On October 28, 2018, the Ohio Legislature’s updated definition of an “eligible offender” went into effect, changing eligibility considerations. In order to be eligible for expungement or record sealing, there are three areas of eligibility that must be met:
- Eligibility based on criminal history –how many prior convictions and whether the convictions were felonies or misdemeanors,
- Eligibility based on type of offense sought to be expunged;
- Eligibility based on waiting periods that run after completion of sentence, after a Grand Jury no bill, or after a dismissal or acquittal.
You are only an eligible offender if you qualify under all three eligibility components. The new definition affects the first component, criminal history. Previously, an eligible offender could have a maximum of two (2) misdemeanor convictions; or one felony conviction and one misdemeanor conviction. Now, an eligible offender can have unlimited misdemeanor convictions sealed and up to five felony convictions sealed if the felony convictions are of the fifth or fourth degree. This change has opened the door for many Ohioan’s who didn’t qualify records sealing before, but will now. Call (740) 883-3400 to schedule a consultation with an Attorney to learn if you fit the new definition!
But that’s not all! The second component of eligibility, the type of offense, was clarified to provide for offenders with ineligible offenses – including felony sex offenses, offenses of violence pursuant to R.C. 2901.01(A)(9), or convictions of the first, second, or third degree – the opportunity to revert to the definition of offender in effect prior to October 28, 2018, for determination of expungement eligibility.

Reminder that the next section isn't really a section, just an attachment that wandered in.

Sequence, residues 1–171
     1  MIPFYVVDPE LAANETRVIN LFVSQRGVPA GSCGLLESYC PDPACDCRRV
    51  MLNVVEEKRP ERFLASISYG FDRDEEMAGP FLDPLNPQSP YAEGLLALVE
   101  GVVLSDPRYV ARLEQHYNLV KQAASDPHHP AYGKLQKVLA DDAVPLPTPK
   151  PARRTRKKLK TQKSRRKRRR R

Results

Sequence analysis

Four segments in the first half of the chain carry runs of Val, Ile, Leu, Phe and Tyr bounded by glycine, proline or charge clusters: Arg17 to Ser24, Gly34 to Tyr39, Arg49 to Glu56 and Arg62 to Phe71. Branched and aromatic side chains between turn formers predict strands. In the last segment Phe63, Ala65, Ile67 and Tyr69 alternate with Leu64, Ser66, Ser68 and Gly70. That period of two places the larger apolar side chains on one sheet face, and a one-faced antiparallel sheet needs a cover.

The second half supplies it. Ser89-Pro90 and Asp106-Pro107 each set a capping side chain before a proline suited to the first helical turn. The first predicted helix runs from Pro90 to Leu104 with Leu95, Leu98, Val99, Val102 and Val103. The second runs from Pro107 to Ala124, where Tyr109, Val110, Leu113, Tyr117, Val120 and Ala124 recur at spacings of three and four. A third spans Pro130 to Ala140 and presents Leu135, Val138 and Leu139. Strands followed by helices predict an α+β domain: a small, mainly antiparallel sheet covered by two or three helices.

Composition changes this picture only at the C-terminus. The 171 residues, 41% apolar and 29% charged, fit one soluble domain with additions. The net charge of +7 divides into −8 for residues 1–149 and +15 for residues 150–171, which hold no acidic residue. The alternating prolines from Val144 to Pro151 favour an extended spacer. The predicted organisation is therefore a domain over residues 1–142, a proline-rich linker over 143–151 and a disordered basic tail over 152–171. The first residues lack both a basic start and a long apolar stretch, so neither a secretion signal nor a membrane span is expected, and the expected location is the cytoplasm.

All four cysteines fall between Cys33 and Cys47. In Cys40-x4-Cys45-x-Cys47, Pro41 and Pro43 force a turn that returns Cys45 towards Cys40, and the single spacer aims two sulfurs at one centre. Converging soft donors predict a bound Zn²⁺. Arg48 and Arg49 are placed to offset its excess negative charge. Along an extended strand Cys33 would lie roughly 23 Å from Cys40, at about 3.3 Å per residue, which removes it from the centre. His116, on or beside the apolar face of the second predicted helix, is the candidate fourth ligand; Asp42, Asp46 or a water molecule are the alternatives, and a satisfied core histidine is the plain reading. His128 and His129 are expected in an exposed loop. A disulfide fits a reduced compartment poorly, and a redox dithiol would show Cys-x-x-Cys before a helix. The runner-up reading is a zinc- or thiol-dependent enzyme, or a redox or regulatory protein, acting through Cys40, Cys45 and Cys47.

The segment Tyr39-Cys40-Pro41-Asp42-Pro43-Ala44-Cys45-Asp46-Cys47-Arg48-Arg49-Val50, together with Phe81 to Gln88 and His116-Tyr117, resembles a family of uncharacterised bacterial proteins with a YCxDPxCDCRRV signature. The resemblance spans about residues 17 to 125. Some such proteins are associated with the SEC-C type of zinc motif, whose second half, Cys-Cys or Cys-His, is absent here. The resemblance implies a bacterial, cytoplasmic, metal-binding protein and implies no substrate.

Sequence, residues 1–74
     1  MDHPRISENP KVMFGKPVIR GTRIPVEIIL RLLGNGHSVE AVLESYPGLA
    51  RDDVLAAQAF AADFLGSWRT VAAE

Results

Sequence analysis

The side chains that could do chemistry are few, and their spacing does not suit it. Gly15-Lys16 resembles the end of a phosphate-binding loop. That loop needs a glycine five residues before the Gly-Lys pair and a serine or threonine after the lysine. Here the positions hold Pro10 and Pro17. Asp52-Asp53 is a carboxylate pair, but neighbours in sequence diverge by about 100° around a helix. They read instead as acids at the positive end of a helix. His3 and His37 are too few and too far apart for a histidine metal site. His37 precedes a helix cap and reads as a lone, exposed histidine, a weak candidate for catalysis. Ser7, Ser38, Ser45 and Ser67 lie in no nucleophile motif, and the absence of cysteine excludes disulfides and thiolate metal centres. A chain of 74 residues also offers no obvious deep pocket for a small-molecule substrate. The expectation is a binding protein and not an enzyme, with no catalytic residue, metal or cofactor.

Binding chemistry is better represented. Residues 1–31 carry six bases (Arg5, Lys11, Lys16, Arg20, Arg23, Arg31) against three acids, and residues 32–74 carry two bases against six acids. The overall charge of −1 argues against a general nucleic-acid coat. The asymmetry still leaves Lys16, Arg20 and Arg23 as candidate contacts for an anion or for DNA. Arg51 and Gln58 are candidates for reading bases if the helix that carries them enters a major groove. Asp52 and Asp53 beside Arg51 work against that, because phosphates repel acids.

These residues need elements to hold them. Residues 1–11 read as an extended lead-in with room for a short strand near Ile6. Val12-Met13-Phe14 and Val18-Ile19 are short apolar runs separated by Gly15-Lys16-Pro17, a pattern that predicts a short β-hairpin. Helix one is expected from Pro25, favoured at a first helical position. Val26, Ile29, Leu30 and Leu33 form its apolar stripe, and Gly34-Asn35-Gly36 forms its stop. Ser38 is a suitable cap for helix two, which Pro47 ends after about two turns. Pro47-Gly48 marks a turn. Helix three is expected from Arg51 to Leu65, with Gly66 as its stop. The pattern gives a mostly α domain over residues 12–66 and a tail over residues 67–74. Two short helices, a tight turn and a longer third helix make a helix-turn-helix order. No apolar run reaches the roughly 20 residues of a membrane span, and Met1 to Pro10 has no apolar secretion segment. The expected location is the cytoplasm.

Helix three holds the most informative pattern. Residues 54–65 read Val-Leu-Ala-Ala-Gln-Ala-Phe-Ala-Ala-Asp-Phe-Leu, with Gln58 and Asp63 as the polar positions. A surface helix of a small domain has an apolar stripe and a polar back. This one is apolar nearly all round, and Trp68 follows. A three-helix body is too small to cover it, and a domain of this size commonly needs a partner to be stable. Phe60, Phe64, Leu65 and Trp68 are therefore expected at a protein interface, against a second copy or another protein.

As for the third component, the completion of an applicable waiting period, the time periods largely remained the same, except as highlighted in bold below:
Offense and Waiting Period
- First Felony - Three (3) Years after completion of sentence
- Second Felonies - Four (4) Years after completion of sentence
- Third, Fourth, or Fifth Felonies - Five (5) Years after completion of sentence
- No Bill or No Indictment Cases - Two (2) Years after no bill/declination
- Dismissal or Acquittal at Trial - No waiting period
Stay tuned for our next post explaining which offenses are never eligible for expungement or records sealing.
If you want to find out what our criminal defense lawyer in Delaware can do for you, call (740) 883-3400 today to schedule an expungement/seal records consultation with one of our defense Attorneys to learn what options are available to you.